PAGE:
This link between limited supplies and needing to think outside the box dates to the early days of Antarctic exploration. Nowadays, when bases are restocked with food and supplies, there are more than enough redundancies to ensure the base doesn’t go hungry, even in case of emergency or delayed shipments. But back when explorers were dispatched to the bottom of the world with no chance of aid, they had to make do.
“From the start, we showed up with as much food as we could carry and then supplemented it with local meat from seals and penguins,” says Anthony. “That fresh meat was essential for the survival of expeditions in the first half of the twentieth century. They were coming down for a year or two and couldn’t afford or count on a resupply ship, and so couldn’t carry enough food. Plus that fresh meat, if prepared properly, helped keep away scurvy. To be clear, hunting locally didn’t make early Antarctic eating unique, but the context did.”
As a continent whose human inhabitants are not and never have been native, the implementation of hunting local species (which is no longer permitted) or using fermentation to preserve perishables culturally links the new societies of the far south to established Indigenous societies and cultures of the far north, like the Inuit, for whom fermenting meats has been a long-held tradition. This presents an intriguing experiment in what happens when human traditions, values and survival methods are introduced onto a blank slate: What sticks? What changes? How do you live off the land, but also in harmony with it? How do you adapt?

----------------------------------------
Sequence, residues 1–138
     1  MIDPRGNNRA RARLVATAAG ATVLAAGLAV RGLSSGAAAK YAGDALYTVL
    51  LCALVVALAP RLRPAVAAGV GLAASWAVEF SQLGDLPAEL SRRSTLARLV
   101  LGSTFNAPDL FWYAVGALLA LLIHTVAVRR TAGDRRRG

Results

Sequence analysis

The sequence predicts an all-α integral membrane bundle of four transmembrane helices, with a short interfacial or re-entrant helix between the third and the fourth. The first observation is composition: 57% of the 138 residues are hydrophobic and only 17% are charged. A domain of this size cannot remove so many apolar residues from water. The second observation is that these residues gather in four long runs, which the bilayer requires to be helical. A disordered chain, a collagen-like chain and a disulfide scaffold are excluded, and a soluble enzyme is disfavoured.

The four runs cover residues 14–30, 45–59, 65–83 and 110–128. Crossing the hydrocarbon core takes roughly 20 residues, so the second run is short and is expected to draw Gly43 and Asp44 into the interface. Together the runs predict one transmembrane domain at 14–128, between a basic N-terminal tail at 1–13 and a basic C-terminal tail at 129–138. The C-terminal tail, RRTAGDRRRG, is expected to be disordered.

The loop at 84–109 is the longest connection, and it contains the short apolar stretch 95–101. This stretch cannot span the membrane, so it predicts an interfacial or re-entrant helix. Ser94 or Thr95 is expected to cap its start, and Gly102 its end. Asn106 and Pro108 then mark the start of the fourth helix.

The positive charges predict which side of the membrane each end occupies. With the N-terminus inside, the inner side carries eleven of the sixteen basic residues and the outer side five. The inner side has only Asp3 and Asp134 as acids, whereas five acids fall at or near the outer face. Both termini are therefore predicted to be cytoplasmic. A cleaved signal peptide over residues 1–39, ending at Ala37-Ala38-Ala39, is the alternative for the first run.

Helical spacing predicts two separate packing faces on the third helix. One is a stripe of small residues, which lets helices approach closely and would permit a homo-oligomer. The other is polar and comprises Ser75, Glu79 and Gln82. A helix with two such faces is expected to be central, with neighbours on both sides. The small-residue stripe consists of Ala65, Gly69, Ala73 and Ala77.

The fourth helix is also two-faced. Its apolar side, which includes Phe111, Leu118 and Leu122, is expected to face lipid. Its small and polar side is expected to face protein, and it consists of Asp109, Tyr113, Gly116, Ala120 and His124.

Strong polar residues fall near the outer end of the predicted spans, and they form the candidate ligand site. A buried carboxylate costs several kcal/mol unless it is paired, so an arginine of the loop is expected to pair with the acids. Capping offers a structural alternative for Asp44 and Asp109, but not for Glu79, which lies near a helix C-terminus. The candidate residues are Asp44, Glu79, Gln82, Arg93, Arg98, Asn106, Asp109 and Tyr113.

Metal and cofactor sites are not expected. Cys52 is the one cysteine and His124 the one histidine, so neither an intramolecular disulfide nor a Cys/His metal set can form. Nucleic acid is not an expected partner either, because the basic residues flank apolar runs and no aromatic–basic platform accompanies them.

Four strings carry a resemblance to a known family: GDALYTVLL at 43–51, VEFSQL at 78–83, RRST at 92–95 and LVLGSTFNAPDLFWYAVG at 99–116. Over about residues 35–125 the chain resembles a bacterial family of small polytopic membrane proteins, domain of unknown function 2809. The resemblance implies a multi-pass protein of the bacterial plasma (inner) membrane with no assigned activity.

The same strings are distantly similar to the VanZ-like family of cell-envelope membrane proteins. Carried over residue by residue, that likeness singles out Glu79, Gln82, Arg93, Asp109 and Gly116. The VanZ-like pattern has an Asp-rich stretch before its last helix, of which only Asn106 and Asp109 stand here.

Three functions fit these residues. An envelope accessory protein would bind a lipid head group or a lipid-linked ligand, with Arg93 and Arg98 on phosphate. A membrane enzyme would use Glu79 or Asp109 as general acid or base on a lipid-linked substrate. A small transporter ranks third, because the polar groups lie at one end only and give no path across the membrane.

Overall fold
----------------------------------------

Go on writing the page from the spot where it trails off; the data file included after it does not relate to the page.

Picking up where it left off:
“There is no Antarctic cuisine per se, just national programs each feeding their personnel an approximate version of their national cuisine,” Anthony says. “In that sense, you can imagine it (as many have) as a forerunner of national bases on the moon or Mars.”
The evolving world of Antarctic food culture also offers interesting insights into the future of human food culture and agriculture. The melting of Antarctica’s ice sheets due to climate change will raise sea levels, drowning low-lying farming land, and contribute to the shifting climate that will change how and where—and how much—food can be grown and produced. These outcomes will have an impact on global food supply, which will in turn affect Antarctica’s research bases.